Thanksgiving is an almost uniquely American holiday. (I know there is a Canadian version but this weekend I will follow US tradition by putting that aside.) It celebrates a time in the 1620s when this country's immigration policy was not only one of open borders but of active assistance to immigrants. This is just as well because the immigrants to the US from Europe during that time would have been stuffed without help from local inhabitants. Thanksgiving celebrates that help although it is not lost on anyone that US immigration policy is now considerably different, I suspect for historical reasons, perhaps recalling that open immigration perhaps didn't work out so well for past inhabitants.
Nonetheless, it was clear that in the 1620s, it was food that was a core issue for new settlers. For that reason, every year, US families gather together to prove to everyone that food is no longer an issue. And yesterday we joined one such family for what we understand to have been a dinner combining every single tradition within a modern suit as is humanly possible.
Like Halloween, Thanksgiving had received some hype for our kids. Our respective children had played together for a year. They had been told that their grandparents house, where our event would take place, was a house of wonder where there was candy and toys literally in every corner. Our children were sceptical and given some Halloween disappointments, expected a good meal, but nothing to write home about. In this case, the myth turned out to be the reality.
This was a house that did not like taxes and one tax that had been identified as evil was my health tax -- re-dubbed the 'candy tax.' Soon upon entering our kids were told that in this house the candy tax had been repealed. Not only that but candy was freely available. It was everywhere. Lollipop displays, bowls of M&M's and some Swedish red fish that now rates in their eyes as one of the greatest culinary creations in human history. To wit, when a discussion turned to what people might have as a last meal my daughter resolutely stated her menu of "chocolate, Ben and Jerry's ice cream and those red fish." I could see my son looking around in wonder and then feeling the walls to see if they were made of gingerbread.
But it wasn't only that, there was also the toys. There were toys everywhere. These were grandparents who in no uncertain terms were going all out. (And not just in toys but in attire. The grandmother was dressed as a pilgrim and the grandfather had a roast turkey adorning his head). Months of investment going around yard sales and discount shops had paid off. The toys were stacked many feet high. Our kids didn't know what to do next. They could do no more than frolic around with the distinct impressions that dreams can indeed come true. "I can't believe it. It is exactly what they said it would be."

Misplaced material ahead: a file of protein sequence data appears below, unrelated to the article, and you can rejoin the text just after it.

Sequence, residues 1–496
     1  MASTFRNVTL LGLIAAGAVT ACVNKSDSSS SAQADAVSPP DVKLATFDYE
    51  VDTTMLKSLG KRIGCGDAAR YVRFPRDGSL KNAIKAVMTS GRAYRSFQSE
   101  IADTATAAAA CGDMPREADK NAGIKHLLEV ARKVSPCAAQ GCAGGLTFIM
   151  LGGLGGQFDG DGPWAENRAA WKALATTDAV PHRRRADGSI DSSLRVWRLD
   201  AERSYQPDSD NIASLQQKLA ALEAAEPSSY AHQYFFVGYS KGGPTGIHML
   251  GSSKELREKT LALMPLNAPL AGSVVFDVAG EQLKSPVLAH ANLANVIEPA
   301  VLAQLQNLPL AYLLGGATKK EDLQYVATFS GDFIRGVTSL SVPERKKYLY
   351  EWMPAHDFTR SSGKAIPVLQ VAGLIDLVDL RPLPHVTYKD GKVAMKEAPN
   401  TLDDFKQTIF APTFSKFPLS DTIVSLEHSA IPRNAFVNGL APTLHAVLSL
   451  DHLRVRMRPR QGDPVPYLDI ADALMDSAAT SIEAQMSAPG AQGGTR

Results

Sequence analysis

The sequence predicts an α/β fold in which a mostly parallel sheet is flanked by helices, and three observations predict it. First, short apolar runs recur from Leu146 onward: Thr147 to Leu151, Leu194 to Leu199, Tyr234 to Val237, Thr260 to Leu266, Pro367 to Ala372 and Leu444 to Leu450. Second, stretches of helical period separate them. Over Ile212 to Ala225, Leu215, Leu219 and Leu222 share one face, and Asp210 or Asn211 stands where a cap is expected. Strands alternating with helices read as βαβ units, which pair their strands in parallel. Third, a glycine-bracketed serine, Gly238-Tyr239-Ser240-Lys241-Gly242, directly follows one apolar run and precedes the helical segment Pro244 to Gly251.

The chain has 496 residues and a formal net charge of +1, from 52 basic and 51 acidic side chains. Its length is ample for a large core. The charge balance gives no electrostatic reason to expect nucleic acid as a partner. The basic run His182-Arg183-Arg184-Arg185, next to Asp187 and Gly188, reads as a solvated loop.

Suffice it to say, this was one situation in which engaging in any type of what might be called parenting was futile. So we didn't. As it turned out, the children were not the only ones who would be saved from starvation. We too were seduced by the red fish but then the adults were presented a meal that actively sought to destroy any pretense for restrained living with course after course of mash potatoes, assortments of pies and a turkey whose size would have required a trained game hunter to have brought down. It is just as well we didn't have to attend to the children as it was not really possible to move. It was quite a feast and then they brought out dessert.
Eventually, much to our surprise, it was one of the native grandchildren who succumbed first to the unrestrained consumption. He knew it was coming and, with full cheeks, was ushered into the bathroom by one of his parents. One can only imagine that scene as several thousand kids simultaneously 'tossed their cookies.' By the look of his parent upon exiting, this is a dream-like fantasy that could have been spared reality.
My children eventually collapsed from exhaustion but kept their load. Our fears that they might not fall asleep were unfounded. And then next morning, much to our amazement they wanted to eat breakfast. On time and as usual. We offered them vege sticks. They didn't eat.
It is interesting to speculate why Thanksgiving has grown in popularity over the years. These days it has been combined with another past time, shopping, although for the life of my I can't understand how and why people would rise themselves today to get to the shops by 4am. If there is a greater example of market unraveling I haven't seen it.
But in looking around this family gathered all in one place from afar with the knowledge that half of them were away from their families, I think the holiday may be a negotiated consequence of duality. In the US, where so many families live in different cities, Thanksgiving allows one family gathering to be allocated while I guess at Christmas or another occasion, the other side of the family gets together. It provides the extra holiday so that in each family both sides can have their piece of the action. It is a market response to a fundamental scarcity of allocating members to large, annual family gatherings. We were happy on this occasion to be part of this one.